Inspired by the mysteries of the afterlife, Chaos in Premonition returns to the fantastical world Spotted Peccary artists Deborah Martin and Dean De Benedictis built in their first collaboration as Desensitized. Like their previous work Hemispherica Portalis, Martin and De Benedictis recorded their latest release live in the studio together, forming nine pieces from edited improvisations. Blending instrumentation such as clay ocarinas, flutes and Tibetan bowls with a variety of digital and analog synthesizers, Chaos in Premonition is an album that invites contradictions and makes peace with them, the only way to approach the question that inspired it: who are we and what made us?  The title track “Chaos in Premonition” begins in quiet vastness and rises to a bewildering crescendo, then fades to an ethereal chorus. Percussive chimes like raindrops in a cavern rise slowly from shadowy depths, evoking the cosmic. From there, the piece builds a sonic mosaic of skittering breakbeats, glitched fragments and glimmering arpeggiations: the birth of a world from quietude. On “Abundant Time” counter-rhythmic clock samples and heartbeats ebb and flow around sinuous drones and gently plucked strings. The two artists employ a rich amalgamation of acoustic and electronic elements throughout the work. With “Immortals and Their Graves,” De Benedictis’s Mayahachi flute moves from calm lulls to sweeping trills to rhythmic stutterings and back again, capturing in its amorphousness the peaks and valleys of a life. Even vocal elements appear in the finale “Sleep of Innocence” which finds Martin and De Benedictis humming in harmony over celestial chimes, an otherworldly lullaby. Just when one feeling takes hold, it darts away—unknowable, and yet a seamless compositional flow offers a well crafted consistency with every track. Martin describes the joy of collaboration as discovery; as each artist brings their own unique identity, how their compositional styles will blend is a mystery until uncovered. She continues: “That is what I find most exciting, the endless potential and possibility.” De Benedictis says “the essence and originality of Desensitized lies in how Deborah and I are so different.” From asynchronous perspectives comes sonic synchronicity. On Chaos in Premonition, this accomplished duo embrace their collaborative name Desensitized and weave the ancient and futuristic into an otherworldly tapestry all their own. 

15,90 EUR
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Schwingungen Radio auf CD - Edition Nr.262  03/17
Schwingungen - Radio auf CD
Edition Nr.: 262
5,00 EUR
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Tangerine Ambience Vol.1 - A Tribute to Tangerine Dream

Artist: Various Artists
P: 1996

A collection of tracks from different electronic musicians, that play favourite TD tracks in their own style.

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24,50 EUR
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V/A - Weightless, Effortless

Artist: V/A
P: 1999
Here's another excellent ambient anthology for those into the darker end of the genre. Featuring nine artists, the sampler takes from both new and veteran musicians, to deliver up a diverse yet flowing 74 minute CD. Kevin Keller opens the disc with samples of voices whispering. From it he creates a slow 12 minute warm drift similar to musicians like Robert Scott Thompson. Illinois synthesist James Johnson's Closure is at least half as long as Keller's track, yet the style is very similar, with muted and shifting chords gently floating on the air, melodic and peace-inducing. Dean DeBenedictis takes a much different approach, far more abstract and surreal, although there is a similar underlying melodic pattern underneath the Schnitzler like rattling and scuttling. As the tracks progresses along its eight minute length, it grows more fascinating with treated water sounds and voices. It is over far too soon. Ma Ja Le return the focus to melody, and the nine minutes Images Remain is full of crystal, ethereal chords floating up, a far different sound than their CD with Vir Unis. A piece one can lose themself in, with longing and melancholy, this would have fit perfectly on The Ambient Expanse. Rod Modell's Ipperwash Twilight leaps out of the speakers with incredible sonic clarity, and you immediately know you're in the presence of a creative force. Strange, but slightly melodic synths with a wide array of tones and field recordings spread sheets of sound over percolating sequencers, and the strange scaling and effects, successfully create an incredibly alien landscape. This is visionary music, alone worth the price of this disc. Dave Fulton's piece is also odd, with steely sequencer and loads of metallic industrial sounds that starts at a low volume that increases over most the track's length. It's dissonant melody provides sort of a lull in the overall CD flow, and sets up veteran Loren Nerell's Liquid Metal Stasis, an intense drone with microtonal bell sounds, volcanic bubbling, and other rich and colorful tonal shading. We definitely can never hear enough from Nerell. Scott Fraser's Straight Lines is another drone where the subtlety hinges on the changes of tones of the synthesizers. At eight minutes, it progresses through number of colorings, remaining surprisingly dynamic. As he often does, Steve Roach closes the set, his contribution the 7 1/2 minute Bottomless, and here we see the least urban track on the anthology evoking the wide expanses and chthonic depths of consciousness. A more chilly track than Roach usually produces, but no less evocative for it. A strong anthology, and one of the more impressive of the type in recent memory."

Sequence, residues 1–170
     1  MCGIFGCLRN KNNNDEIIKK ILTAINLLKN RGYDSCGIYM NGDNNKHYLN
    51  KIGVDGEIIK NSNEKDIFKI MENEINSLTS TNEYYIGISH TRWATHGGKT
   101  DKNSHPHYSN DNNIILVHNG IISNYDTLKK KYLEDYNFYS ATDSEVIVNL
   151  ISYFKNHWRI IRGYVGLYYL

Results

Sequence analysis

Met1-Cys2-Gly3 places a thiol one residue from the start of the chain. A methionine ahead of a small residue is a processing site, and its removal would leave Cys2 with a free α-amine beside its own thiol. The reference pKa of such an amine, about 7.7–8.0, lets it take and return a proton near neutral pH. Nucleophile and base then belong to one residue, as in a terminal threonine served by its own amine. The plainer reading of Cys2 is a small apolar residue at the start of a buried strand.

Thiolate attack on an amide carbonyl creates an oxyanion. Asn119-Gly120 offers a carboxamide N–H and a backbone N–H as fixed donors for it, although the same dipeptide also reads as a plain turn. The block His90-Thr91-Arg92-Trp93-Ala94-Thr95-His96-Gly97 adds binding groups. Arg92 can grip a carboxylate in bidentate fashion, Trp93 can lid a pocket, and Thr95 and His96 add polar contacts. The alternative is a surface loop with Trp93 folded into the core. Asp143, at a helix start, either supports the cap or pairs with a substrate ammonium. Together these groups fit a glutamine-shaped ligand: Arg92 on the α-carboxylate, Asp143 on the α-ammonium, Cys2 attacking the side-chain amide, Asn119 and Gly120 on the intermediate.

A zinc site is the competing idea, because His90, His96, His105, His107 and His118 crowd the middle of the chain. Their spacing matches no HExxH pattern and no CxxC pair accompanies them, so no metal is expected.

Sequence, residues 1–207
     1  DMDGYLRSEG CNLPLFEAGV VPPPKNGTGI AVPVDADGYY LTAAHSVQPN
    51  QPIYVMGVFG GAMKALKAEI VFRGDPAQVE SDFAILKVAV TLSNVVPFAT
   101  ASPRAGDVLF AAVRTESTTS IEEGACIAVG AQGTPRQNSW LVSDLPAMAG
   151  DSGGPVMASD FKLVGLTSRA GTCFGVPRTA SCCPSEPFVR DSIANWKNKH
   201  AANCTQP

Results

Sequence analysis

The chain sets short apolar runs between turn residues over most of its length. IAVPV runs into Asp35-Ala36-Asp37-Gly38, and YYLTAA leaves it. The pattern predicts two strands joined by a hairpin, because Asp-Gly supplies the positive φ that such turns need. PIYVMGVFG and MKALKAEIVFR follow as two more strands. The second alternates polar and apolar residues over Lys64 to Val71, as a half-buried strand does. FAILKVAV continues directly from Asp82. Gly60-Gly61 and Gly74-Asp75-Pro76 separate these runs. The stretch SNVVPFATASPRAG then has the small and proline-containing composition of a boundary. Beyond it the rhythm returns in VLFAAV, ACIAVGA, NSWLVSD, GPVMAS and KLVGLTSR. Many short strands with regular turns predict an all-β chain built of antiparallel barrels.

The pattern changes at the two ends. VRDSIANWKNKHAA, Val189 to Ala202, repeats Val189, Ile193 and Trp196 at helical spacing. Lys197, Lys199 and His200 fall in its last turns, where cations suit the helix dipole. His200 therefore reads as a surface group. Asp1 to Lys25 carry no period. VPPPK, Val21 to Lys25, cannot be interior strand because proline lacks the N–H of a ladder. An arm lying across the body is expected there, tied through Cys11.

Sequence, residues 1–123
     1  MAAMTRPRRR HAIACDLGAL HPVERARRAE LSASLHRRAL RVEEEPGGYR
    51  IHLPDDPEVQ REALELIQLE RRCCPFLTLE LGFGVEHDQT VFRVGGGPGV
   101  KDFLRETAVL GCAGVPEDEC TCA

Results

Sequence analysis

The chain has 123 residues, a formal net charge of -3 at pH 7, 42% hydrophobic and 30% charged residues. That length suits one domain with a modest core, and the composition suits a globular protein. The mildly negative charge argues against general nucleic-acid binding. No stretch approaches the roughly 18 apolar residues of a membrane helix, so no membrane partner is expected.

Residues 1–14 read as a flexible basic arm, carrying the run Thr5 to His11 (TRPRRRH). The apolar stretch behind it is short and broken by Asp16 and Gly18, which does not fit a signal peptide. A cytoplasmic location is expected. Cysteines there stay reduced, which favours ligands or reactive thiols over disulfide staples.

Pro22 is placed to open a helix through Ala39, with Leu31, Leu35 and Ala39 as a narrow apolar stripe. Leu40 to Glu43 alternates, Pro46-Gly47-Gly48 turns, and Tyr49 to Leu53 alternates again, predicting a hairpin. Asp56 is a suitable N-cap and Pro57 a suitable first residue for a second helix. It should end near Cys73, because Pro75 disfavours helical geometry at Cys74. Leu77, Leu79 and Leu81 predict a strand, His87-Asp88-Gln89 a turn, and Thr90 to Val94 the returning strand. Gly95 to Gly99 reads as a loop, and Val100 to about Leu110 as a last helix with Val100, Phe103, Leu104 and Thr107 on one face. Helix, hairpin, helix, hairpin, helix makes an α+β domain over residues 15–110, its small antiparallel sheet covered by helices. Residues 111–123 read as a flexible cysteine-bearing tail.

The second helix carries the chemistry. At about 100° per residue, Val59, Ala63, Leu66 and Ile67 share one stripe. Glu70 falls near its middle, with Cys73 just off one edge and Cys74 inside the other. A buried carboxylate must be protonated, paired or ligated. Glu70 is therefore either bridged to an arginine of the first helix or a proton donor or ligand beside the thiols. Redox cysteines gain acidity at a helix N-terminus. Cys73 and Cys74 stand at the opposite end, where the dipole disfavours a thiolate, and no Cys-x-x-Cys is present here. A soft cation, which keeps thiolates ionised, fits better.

1999  Mike McLatchey / Expose Magazine